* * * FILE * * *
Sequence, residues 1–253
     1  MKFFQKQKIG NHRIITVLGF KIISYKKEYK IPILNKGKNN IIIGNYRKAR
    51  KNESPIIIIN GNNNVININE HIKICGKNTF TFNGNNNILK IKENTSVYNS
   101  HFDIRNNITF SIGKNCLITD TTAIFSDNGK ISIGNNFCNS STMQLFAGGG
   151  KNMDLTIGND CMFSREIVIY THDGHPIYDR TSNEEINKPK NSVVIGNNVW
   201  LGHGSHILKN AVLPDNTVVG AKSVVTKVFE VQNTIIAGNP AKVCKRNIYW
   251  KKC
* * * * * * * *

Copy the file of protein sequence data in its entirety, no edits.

Sequence, residues 1–253
     1  MKFFQKQKIG NHRIITVLGF KIISYKKEYK IPILNKGKNN IIIGNYRKAR
    51  KNESPIIIIN GNNNVININE HIKICGKNTF TFNGNNNILK IKENTSVYNS
   101  HFDIRNNITF SIGKNCLITD TTAIFSDNGK ISIGNNFCNS STMQLFAGGG
   151  KNMDLTIGND CMFSREIVIY THDGHPIYDR TSNEEINKPK NSVVIGNNVW
   201  LGHGSHILKN AVLPDNTVVG AKSVVTKVFE VQNTIIAGNP AKVCKRNIYW
   251  KKC